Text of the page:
Zhou Xiang is playing with his mobile phone in a room just big enough for a desk and chairs at the year-old Wenzhou Private Lending Registration Center. Not a single prospective customer has shown up for hours.
China’s Supreme Court suspended the death sentence for Wu Ying, a woman whose conviction for defrauding investors of $55.7 million highlighted the country’s shadow-banking system and sparked a debate on the use of capital punishment for nonviolent criminals.
Jiang Xiangsong has 18 days to pay a 2 million yuan ($314,000) bank debt or his suitcase company in eastern China will go bankrupt. He’s close to tears as he realizes his last hope, a government-backed office, won’t help.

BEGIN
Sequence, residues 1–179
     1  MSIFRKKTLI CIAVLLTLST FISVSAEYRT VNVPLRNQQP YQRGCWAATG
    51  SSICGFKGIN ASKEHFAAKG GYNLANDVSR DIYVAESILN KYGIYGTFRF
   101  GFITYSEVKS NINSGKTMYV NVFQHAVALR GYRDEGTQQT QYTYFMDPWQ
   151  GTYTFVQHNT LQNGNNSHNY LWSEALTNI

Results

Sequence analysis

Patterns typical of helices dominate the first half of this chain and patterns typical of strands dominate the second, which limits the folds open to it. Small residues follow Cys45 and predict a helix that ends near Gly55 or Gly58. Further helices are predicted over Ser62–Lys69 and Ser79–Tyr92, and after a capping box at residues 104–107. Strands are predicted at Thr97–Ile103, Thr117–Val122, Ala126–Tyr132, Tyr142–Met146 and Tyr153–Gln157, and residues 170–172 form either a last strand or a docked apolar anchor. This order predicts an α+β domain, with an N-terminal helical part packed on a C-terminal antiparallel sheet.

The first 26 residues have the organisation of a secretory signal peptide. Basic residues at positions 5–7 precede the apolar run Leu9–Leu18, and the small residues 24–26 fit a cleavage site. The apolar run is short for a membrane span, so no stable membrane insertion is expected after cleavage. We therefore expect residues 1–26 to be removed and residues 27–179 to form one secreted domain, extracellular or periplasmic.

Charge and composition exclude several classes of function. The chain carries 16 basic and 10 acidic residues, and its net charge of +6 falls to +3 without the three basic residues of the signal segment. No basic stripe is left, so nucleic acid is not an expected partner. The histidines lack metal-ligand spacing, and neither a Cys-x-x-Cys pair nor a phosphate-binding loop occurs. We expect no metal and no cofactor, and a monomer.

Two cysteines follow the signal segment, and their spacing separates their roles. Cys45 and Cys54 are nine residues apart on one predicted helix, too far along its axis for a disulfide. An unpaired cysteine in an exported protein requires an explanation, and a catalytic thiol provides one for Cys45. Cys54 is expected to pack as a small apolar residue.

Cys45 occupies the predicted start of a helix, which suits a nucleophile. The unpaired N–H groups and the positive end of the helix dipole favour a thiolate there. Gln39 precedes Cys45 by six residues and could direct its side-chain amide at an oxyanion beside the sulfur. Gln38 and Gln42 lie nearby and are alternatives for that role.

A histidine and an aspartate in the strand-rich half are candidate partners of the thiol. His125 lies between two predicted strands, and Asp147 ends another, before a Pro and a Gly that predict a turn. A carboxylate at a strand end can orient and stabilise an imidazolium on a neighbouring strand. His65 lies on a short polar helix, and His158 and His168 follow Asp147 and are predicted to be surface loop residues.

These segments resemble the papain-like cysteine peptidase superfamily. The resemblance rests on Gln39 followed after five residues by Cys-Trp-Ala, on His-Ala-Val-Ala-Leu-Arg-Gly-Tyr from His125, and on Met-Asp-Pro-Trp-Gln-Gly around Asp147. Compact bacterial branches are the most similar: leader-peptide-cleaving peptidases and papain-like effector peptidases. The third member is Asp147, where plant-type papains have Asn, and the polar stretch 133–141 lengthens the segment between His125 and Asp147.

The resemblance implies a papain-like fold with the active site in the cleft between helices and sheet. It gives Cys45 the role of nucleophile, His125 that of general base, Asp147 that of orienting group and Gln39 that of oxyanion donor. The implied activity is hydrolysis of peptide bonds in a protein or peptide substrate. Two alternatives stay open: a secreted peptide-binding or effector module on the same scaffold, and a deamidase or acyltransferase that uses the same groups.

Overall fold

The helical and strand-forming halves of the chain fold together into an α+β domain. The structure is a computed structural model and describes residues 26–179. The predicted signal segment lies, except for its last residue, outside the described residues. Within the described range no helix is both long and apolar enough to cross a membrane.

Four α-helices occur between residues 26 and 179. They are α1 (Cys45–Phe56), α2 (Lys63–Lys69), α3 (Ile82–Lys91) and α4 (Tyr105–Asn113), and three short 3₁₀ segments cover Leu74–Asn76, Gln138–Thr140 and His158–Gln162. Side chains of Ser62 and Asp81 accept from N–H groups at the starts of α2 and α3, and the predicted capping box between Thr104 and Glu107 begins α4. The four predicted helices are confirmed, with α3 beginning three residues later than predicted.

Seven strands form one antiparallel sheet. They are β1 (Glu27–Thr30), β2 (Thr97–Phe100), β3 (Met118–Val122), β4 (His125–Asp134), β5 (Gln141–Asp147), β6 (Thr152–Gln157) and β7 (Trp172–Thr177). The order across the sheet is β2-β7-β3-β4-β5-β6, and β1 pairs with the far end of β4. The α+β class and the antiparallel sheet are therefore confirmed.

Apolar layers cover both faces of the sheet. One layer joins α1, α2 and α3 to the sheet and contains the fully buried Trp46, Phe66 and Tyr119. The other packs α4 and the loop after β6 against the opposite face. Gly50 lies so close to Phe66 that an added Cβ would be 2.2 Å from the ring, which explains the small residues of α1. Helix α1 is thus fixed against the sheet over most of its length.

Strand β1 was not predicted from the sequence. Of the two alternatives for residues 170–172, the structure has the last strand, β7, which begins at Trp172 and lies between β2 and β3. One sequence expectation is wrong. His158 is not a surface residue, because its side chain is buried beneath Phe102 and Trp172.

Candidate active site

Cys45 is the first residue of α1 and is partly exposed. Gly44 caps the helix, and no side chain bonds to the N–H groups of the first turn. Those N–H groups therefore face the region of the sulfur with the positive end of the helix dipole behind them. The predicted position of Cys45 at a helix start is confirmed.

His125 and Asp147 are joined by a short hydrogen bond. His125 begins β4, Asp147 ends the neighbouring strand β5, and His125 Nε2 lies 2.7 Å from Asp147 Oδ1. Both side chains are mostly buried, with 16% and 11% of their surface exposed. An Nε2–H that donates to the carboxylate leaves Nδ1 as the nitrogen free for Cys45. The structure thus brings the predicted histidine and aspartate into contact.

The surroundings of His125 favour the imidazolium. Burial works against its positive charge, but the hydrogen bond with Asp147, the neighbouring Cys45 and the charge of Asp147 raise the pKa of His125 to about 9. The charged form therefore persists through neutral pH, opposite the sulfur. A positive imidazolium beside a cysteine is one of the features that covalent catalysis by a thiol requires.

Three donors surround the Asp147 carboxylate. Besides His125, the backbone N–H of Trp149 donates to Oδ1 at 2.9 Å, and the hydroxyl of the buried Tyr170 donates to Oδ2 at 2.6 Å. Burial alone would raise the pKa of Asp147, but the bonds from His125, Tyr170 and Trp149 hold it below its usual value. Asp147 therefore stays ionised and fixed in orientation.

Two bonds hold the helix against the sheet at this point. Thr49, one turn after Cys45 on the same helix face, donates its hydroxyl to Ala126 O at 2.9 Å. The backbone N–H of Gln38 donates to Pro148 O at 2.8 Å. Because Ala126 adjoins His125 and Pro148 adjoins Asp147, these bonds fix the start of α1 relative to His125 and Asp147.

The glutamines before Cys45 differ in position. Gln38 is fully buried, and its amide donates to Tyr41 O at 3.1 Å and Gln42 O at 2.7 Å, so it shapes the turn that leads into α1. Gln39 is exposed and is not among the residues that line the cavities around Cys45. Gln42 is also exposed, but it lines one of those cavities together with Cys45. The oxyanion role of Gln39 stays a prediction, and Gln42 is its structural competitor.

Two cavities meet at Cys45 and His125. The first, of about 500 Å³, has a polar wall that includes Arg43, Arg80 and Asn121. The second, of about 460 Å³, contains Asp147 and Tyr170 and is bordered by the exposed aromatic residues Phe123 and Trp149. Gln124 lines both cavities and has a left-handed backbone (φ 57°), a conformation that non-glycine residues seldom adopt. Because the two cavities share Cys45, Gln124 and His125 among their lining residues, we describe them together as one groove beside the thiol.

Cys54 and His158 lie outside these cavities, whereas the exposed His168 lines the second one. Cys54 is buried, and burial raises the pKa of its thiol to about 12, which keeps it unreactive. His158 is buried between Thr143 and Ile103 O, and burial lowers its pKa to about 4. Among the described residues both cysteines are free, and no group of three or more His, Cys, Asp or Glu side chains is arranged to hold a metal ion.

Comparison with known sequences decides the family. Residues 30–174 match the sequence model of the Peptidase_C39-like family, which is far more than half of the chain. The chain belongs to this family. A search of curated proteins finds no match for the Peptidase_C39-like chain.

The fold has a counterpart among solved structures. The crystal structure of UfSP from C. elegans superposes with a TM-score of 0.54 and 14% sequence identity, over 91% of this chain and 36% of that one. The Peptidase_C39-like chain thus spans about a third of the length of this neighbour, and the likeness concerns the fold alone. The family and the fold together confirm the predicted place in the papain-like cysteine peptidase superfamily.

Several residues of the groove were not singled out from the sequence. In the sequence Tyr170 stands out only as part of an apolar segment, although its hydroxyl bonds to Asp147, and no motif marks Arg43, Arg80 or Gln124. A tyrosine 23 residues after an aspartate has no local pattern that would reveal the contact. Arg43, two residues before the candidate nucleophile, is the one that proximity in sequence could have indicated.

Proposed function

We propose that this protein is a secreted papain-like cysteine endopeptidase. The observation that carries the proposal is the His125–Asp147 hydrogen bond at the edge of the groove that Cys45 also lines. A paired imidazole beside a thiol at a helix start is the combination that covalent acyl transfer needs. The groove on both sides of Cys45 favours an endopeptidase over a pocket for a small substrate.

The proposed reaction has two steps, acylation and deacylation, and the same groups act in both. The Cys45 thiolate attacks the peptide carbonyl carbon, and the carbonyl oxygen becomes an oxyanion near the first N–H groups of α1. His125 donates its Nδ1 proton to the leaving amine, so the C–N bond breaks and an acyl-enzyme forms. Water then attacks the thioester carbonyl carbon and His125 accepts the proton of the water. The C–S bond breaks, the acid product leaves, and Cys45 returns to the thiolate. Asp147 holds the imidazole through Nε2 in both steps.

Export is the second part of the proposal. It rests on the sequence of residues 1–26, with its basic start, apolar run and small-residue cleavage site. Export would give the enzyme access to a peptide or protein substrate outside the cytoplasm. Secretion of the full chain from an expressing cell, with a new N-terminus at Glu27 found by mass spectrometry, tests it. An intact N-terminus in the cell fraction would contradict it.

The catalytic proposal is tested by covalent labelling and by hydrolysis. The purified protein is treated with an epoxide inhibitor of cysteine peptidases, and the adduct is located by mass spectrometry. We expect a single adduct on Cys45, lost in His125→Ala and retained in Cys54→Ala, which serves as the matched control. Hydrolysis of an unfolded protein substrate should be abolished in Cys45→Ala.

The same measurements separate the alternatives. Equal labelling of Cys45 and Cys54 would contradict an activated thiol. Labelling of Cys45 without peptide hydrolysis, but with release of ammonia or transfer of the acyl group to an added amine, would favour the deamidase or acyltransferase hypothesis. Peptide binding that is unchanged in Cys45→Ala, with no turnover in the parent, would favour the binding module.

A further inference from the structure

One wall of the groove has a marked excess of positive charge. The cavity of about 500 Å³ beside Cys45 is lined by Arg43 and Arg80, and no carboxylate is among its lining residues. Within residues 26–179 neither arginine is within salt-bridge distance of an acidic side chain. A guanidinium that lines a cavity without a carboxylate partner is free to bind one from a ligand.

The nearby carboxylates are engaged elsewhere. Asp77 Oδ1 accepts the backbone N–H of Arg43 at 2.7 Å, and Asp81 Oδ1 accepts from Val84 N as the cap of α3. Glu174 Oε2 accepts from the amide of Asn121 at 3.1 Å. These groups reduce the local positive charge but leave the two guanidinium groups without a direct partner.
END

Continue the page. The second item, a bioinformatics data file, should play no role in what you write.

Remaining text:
Smaller privately owned companies in China’s Zhejiang province are paying almost five times the central bank’s benchmark borrowing rate on loans from non- banking institutions, a local government report said.
When a Chinese court sentenced 28- year-old Wu Ying, known as “Rich Sister,” to death for taking $55.7 million from investors without paying them back, it sparked an unexpected firestorm that has drawn in China’s top leadership.